What is God doing with the Darling River?

What is God doing with the Darling River?

For nine days in August, a group of 35 from NSW, ACT and Victoria set out on a journey along the Darling River. The group departed from Dubbo and followed the course of the Darling, as it weaves its way through rural Australian to the junction with the Murray River at Wentworth, before returning to Dubbo via Broken Hill and Cobar.

Their goal: to experience the river and outback; learn about life in the Basin, and; meet with churches and communities along the way. Together they grappled with perspectives on water use, land use and other complex issues, and reflected and shared about who we are in Creation and what God is doing in western NSW.

Diversity and competing needs

The Darling River tour was bigger than last year’s Murray River tour – with two buses, two trailers and two 4x4s. Our participants came from many places and not all were church attenders. There were farmers, eco-ministers, First Nation leaders, and Moderators past and present.

Hearing the commentary on the road was informative for me because as Rural Chaplain, I drive these roads. I now know better what is happening ecologically – dry creek beds are okay; they are there for when it rains to move water across the landscape. In 2012, the Menindee lakes were full and the banks covered with recreational vehicles. Today, bird numbers are down and just a trickle runs through the gates of the lake.

This is hard on those in tourism, but this is how it is. The lakes, like the creeks, fill only when it floods. The problem is that Broken Hill needs water from the lake for its town water supply. But others want a lake system for boating and fishing or just that great feeling of sitting next to water. These are the issues the Synod’s MDB group is listening to: God’s creation, and people’s needs for farming, living and playing.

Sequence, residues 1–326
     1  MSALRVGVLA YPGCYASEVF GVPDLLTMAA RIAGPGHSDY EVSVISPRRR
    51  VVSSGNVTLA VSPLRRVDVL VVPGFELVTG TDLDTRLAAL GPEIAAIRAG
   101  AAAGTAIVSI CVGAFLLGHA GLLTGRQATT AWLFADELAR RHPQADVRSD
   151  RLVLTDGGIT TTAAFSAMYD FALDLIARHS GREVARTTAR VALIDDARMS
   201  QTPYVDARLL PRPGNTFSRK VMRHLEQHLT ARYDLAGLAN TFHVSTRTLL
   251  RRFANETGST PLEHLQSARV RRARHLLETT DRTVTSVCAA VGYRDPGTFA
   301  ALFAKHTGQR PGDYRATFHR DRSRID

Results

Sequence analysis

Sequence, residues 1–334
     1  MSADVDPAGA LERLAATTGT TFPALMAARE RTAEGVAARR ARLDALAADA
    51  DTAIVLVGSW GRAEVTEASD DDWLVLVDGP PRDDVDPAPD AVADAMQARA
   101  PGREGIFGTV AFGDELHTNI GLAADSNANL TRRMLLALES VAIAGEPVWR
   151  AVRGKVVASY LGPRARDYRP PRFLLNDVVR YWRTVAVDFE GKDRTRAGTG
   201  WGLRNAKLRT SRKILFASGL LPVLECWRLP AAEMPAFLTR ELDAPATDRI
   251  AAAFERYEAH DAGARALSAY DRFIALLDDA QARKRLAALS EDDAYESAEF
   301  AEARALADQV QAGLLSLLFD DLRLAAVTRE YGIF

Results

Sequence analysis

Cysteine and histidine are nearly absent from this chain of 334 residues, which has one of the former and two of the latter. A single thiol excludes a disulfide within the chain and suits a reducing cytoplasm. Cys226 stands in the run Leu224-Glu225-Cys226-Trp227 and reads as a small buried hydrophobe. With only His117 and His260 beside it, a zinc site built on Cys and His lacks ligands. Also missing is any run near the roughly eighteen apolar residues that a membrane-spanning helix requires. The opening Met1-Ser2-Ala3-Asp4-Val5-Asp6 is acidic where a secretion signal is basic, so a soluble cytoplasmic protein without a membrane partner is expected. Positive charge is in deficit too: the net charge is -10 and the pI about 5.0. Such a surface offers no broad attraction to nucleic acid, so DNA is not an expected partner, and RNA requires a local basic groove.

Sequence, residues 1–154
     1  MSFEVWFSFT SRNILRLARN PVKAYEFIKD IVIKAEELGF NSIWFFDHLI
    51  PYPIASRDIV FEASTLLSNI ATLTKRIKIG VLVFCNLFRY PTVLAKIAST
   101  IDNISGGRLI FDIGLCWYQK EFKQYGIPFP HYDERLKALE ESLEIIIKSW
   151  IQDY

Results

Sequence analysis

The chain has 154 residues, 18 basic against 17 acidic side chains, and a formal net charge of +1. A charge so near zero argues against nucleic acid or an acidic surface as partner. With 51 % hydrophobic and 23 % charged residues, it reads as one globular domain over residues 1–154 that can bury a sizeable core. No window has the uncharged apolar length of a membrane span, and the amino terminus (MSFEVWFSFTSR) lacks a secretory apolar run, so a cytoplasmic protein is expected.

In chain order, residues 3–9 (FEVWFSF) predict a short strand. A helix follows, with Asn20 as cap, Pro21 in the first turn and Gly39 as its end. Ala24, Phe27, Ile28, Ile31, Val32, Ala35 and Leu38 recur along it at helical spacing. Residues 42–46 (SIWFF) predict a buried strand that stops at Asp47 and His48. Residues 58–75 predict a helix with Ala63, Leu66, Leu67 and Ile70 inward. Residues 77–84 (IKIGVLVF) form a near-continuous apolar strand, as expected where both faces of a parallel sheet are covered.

These claims are all important, but who will share? Can we all have our needs met always?

Phill Matthews, Narrabri


Measuring out time in this ancient land

We gathered high on the ‘Walls of China’, the enormous sand dune on the shores of Lake Mungo’s ancient dry lake bed, home to Mungo Lady, who walked this land more than 40,000 years ago. Paakantyi elder Graham Clarke crouched on his haunches, smoothed some sand and began to draw a circle that spiralled out into ever larger and larger circles.

Graham looked up into our faces and suggested as, one by one, the circles spiralled out beneath his fingertip, we later-comers have divided time into circles of hours and days, seasons and years, even life-spans; but for Indigenous people, time is measured in millennia.

Looking up from Graham’s drawing in the sand, we slowly rotated our bodies taking in the uninterrupted 360-degree horizon stretching off in all directions across the plain of this vast and ancient land. One could not fail to be moved by the eternal mystery that surrounds us all.

Despite the seeming insignificance of one’s own existence against the endless sweep of the horizon, or knowledge of the eons of time past since Mungo Lady walked this land, we also became aware that we were part of a bigger picture including, but also beyond, ourselves. We were in relationship with a deeper reality that gave meaning to our existence and clothed all humankind with dignity.

As we walked down from the Walls of China to the dry lake bed below, we began to feel the deep sense of connectedness the First Peoples have with the earth, and the responsibility we all share in caring for the well-being of all creation entrusted to us in our shared humanity.

Margaret and Ivan Roberts, Sydney


Isolation, resilience and hospitality

Not long into the tour we got a feeling of the vast distances which the people iving out there have to cope with. It’s a long way between towns.